Tuesday, July 13, 2010


Sting, when he was lead singer of the rock band The Police, had to be discreet about his love of classical music. "It was frowned upon, and that’s the whole ridiculous premise of rock 'n' roll becoming this Taliban-esque, closed thing. 'You can’t do that, you can’t do that.' What’s the spirit of rock 'n' roll except freedom," he wonders aloud to The New York Times' Dave Itzkoff:


The un-Policed Sting sings orchestrated versions of his songs (soon to be released on disc) tonight and tomorrow with the Royal Philharmonic at New York's Metropolitan Opera House. With his wife, Trudie Styler, Sting recently performed in "Twin Spirits," a theater piece on Robert and Clara Schumann.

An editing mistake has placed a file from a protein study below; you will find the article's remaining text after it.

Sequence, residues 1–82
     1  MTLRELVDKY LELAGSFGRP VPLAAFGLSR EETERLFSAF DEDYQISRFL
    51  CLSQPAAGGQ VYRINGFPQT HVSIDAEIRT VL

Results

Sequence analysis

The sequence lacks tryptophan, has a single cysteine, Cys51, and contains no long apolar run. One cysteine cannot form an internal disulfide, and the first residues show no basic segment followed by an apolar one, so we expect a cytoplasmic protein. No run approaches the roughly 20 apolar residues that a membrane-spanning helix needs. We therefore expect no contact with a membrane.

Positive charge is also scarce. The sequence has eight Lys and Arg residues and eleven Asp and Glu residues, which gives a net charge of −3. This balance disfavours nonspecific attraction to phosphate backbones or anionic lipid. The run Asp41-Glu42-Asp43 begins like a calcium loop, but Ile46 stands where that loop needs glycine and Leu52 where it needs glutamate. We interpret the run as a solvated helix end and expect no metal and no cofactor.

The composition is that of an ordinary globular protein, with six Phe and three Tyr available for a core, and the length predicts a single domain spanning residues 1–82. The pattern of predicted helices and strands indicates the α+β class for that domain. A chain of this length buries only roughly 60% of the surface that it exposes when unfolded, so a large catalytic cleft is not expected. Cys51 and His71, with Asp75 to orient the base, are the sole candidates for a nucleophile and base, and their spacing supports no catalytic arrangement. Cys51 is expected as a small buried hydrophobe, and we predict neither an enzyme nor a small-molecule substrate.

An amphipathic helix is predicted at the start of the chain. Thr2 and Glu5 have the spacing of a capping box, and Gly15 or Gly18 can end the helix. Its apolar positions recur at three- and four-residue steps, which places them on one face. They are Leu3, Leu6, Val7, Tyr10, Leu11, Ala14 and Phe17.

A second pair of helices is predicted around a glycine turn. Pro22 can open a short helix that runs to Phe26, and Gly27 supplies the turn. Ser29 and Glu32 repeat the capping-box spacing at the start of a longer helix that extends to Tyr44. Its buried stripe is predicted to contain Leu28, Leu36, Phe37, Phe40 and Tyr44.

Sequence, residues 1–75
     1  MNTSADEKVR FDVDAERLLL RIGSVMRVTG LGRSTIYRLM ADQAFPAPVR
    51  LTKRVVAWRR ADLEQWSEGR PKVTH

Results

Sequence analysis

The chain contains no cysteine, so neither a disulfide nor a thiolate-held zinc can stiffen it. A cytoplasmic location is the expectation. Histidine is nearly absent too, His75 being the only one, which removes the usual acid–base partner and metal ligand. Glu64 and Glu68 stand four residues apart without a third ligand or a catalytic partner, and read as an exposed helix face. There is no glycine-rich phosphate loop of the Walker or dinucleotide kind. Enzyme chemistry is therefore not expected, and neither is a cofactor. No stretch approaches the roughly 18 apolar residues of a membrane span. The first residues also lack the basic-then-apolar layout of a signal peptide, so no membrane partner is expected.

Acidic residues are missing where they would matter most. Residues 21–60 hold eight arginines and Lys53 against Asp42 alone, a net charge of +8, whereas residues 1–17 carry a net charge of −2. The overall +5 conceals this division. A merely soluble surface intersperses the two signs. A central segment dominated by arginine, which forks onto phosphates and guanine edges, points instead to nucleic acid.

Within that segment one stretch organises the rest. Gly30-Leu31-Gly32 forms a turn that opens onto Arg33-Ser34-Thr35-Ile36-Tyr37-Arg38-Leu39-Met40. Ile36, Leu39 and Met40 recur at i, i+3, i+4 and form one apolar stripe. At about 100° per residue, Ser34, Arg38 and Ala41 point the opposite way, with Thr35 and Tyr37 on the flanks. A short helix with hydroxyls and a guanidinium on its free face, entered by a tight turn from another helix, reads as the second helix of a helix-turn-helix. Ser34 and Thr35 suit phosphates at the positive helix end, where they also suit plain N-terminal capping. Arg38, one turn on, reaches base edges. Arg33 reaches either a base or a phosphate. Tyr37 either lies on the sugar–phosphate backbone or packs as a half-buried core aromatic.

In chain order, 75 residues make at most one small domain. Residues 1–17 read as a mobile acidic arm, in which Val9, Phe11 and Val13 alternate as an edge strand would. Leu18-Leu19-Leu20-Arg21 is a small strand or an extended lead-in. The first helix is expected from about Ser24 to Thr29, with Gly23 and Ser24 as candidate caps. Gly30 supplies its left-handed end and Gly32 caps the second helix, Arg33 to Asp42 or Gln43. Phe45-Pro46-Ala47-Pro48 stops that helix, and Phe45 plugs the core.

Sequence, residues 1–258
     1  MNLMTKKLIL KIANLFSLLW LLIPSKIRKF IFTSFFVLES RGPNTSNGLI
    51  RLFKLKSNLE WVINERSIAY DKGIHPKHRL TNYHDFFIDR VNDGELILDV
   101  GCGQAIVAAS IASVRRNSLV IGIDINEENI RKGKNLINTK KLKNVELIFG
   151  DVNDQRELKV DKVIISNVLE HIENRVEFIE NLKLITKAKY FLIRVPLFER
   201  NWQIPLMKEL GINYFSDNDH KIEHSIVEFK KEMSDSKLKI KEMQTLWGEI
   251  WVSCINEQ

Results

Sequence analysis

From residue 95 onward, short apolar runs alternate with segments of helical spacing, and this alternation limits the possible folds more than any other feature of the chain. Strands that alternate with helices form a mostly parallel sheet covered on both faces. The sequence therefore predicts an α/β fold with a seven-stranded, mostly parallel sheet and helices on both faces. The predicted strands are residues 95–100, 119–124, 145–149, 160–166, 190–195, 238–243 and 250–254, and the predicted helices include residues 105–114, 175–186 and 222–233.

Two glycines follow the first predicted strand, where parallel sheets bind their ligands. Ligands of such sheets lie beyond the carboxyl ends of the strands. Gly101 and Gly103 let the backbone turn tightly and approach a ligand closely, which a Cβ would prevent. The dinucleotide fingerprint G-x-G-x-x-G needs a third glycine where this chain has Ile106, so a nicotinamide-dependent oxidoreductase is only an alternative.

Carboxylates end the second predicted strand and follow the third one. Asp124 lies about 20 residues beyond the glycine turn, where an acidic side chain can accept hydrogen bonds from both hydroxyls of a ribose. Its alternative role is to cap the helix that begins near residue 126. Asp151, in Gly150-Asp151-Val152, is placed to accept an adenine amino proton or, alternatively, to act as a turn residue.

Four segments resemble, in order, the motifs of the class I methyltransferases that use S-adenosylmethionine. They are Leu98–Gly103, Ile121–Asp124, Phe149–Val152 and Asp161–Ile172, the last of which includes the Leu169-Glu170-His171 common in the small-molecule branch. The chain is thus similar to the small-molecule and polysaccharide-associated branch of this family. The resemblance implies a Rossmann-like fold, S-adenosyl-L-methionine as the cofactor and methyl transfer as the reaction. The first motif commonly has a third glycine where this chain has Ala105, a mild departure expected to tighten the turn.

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Rufus Wainwright, a second-generation pop singer-songwriter (son of Loudon Wainwright III and the late Kate McGarrigle), recently introduced his opera "Prima Donna" in Canada.

He recalls being introduced to the art form in his teenage: "[I]t was as if I was being poisoned, or virused or developing scales. My whole body was shifting, and by the end I knew that opera was my main squeeze. It became my religion and my language," Wainwright tells Marcia Adair in the Los Angeles Times: